In the morning we arise before the sun and I pull on my wet, dirt-stained shorts for the final time. As this was our last day I could have worn my sleep shorts for the final day of the hike, but wet clothes weigh your pack down and besides, I’d grown attached to those never-dy, mud-encrusted shorts of grey. Hiking in anything else on the last day would feel oddly disloyal.
Today’s hike is almost 11 miles – the longest hike on our journey so far. I eat breakfast and watch the sunrise and one thought runs through my mind – kill it, Lauren.
A Hike Through the Costa Rican Rainforest: Day Ten and a Conclusion
We hike the first six kilometers from Rancho Tinamu to the town of San Isidro de Dota with Santiago, the owner of the eco lodge. He walks this road every day twice a day and we walk alongside him, following his footsteps if only for a day.
We round a bend and the ocean lies before us. Manuel Antonio National Park, one of Costa Rica’s top tourist destinations, is just a day and a half walk from here.
I trail the pack and for several hours walk in silence, getting lost in non-trail related thoughts that mainly center around California and my upcoming trip to Los Angeles. My body is a machine, and I don’t think about the hills as I trek up and down.
The hills are hard, but they help you enjoy the flat parts, I realize.
None of us, besides the instructors, have watches, and I have no idea what time it is when I’m walking along or how much further there is to go, but the trail has taught me that, sometimes, it better to just not know how much further you have to go. It’s better to get lost in the beauty of the moment.
We stop for lunch and a boy on a motorbike pulls up with rice, beans, chicken and yucca wrapped in banana leaves.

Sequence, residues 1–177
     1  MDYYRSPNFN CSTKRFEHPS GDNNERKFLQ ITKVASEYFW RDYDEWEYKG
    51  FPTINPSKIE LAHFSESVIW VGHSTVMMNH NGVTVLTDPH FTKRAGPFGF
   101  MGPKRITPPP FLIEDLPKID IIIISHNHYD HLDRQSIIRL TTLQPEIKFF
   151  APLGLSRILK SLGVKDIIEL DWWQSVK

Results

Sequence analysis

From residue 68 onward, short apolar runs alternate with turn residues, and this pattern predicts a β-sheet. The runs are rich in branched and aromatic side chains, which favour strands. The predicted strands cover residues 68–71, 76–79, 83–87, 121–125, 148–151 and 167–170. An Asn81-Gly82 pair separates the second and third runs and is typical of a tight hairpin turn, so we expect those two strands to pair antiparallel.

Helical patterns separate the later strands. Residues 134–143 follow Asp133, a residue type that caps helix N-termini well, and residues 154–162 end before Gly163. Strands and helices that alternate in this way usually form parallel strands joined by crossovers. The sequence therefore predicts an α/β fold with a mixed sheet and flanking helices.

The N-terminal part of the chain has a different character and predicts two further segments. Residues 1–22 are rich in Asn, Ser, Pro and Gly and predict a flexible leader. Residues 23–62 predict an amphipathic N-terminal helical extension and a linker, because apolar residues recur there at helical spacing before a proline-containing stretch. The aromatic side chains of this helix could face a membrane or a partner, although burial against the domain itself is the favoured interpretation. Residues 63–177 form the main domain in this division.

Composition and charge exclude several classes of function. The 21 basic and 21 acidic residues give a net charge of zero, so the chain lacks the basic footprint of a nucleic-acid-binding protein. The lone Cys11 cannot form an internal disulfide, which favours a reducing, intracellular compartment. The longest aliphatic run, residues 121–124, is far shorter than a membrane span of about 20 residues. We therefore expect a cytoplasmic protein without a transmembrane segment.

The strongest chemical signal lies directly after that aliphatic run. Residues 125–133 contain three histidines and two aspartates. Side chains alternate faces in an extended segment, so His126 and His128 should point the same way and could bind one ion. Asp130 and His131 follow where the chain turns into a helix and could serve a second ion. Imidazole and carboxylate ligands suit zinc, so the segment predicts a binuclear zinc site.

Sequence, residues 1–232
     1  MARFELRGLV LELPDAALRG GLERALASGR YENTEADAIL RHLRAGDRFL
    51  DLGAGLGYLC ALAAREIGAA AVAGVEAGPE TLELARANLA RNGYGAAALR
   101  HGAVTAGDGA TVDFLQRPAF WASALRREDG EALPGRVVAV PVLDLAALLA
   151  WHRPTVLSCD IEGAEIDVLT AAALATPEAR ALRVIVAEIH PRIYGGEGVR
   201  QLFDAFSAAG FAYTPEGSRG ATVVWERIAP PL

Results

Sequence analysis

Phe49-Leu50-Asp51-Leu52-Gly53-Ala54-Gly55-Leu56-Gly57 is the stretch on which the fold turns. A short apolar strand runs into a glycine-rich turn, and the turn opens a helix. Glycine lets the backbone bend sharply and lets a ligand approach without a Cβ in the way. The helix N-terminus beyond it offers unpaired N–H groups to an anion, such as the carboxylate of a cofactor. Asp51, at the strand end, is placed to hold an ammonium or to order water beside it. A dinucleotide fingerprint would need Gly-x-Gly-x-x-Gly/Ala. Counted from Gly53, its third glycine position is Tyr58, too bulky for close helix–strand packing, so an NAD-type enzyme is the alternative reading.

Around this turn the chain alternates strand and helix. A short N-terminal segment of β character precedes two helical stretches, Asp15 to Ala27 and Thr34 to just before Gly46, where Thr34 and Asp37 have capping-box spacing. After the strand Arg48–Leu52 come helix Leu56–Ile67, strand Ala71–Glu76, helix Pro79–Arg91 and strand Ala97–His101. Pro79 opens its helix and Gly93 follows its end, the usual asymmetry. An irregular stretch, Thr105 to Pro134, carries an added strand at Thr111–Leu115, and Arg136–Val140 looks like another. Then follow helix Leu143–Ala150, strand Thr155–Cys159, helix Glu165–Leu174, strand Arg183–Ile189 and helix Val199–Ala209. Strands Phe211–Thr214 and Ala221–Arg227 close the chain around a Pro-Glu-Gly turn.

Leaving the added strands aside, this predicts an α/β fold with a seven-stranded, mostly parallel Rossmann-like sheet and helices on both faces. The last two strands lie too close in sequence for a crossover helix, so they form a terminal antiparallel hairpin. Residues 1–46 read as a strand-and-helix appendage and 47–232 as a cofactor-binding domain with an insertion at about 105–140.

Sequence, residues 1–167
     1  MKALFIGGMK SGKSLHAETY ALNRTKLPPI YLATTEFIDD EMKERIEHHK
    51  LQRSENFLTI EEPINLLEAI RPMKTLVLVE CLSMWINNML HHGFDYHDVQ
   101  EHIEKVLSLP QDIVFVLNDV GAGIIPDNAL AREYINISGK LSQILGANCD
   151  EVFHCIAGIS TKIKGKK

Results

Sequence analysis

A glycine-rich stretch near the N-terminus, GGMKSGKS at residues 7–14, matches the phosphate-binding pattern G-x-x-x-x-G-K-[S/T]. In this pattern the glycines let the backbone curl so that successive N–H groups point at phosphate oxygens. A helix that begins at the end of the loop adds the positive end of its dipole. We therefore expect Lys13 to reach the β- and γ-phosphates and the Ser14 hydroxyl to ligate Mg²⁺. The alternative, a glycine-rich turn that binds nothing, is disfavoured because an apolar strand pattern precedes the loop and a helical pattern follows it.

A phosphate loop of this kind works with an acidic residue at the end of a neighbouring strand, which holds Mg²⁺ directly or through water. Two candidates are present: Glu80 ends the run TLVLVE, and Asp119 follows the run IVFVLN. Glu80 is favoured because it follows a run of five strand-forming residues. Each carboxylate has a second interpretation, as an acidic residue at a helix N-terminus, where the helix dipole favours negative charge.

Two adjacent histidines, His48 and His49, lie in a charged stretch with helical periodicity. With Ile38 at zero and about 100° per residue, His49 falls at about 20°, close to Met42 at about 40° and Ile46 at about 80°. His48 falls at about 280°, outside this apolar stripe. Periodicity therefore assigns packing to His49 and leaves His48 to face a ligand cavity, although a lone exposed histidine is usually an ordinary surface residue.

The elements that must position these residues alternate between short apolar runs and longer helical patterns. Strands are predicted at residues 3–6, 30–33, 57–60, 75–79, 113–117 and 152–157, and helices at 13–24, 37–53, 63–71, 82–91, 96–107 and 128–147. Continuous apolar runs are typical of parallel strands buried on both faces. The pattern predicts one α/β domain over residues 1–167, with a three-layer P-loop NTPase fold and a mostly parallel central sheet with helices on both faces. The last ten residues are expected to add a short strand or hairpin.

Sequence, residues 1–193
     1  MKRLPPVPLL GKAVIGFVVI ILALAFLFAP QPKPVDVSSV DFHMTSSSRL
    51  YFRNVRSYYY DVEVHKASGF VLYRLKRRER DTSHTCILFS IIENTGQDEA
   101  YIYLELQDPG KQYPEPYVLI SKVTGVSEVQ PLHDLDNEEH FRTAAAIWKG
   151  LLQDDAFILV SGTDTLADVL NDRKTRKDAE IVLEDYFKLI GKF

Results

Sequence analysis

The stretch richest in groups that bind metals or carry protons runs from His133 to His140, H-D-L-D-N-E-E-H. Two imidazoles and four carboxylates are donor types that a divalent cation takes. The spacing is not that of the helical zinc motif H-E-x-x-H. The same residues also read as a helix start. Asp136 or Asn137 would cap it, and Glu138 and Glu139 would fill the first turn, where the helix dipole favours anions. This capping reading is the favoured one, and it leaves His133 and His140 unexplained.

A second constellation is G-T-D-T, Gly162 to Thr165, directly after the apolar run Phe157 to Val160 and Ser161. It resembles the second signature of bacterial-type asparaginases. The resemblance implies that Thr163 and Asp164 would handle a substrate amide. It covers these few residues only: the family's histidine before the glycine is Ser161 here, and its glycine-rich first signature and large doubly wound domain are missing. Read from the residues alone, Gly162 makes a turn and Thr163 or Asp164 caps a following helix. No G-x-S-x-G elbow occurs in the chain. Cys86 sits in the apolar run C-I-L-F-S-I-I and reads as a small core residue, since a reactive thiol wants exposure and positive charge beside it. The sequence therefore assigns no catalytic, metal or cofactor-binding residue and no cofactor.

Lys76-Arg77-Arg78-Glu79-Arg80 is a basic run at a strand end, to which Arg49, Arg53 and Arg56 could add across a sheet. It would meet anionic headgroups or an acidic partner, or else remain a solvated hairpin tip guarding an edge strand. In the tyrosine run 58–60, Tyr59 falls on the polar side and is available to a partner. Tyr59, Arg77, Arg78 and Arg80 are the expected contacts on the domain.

The last 30 minutes of the trail are sheer downhill. But the time passed so quickly that, before I knew it our instructor turned back to me and pointed to the van below, saying “this is it. It’s over.”
I take the last few steps on the trail in line with a few other group members. It’s not that it’s a race, I just didn’t want to finish last.
We reach the van and the group flings their backpacks down, removing their hiking boots, pulling out water and snacks.
But I move slower, looking back at the trail and taking a moment to say goodbye and thank it for all the lessons it taught me.
On my trek I learned how to hike with a backpack. How to tighten the straps of a pack and to clip on water so that it says less. I learned that yoga pants and a non quick-dry tank top are terrible clothes for hiking, the names of dozens of plants and animals in Costa Rica, that you can wear wet hiking shoes and socks for ten days straight and not get blisters…
I learned a million little things on my ten-day hike with Costa Rica and they all added up to this – I am much stronger and capable than I ever thought I was.
The van ride to base lasts four hours, and though we all are weary, the adrenaline at having finished is still pulsing through our veins making it impossible to sleep.
We pass the beach and then mountains, little huts in fields of palm trees and I get the feeling that Costa Rica’s beauty is endless and unmeasurable.
Back at base a shower was waiting along with the internet, clean clothes and all the comforts had been dreaming of, but I find my countdown is not quite over.
In two more days I will see my mom in Los Angeles. Being in her presence will refresh me more than the river bath I took at Taiper creek, fill me more than our first heaping plate at Magda’s filled with rice, beans and tortillas, and energize me more than setting foot on base after these ten long days on the trail.
*Note: This post is the final in my series recounting my experiences during a ten-day hike with Outward Bound Costa Rica, leading through varied landscapes and small pueblos in Costa Rica’s Central Valley. If you are interested in taking a similar journey, Outward Bound Costa Rica is now accepting applications for semester and summer program participants here. You can find the remainder of my posts on the hike here.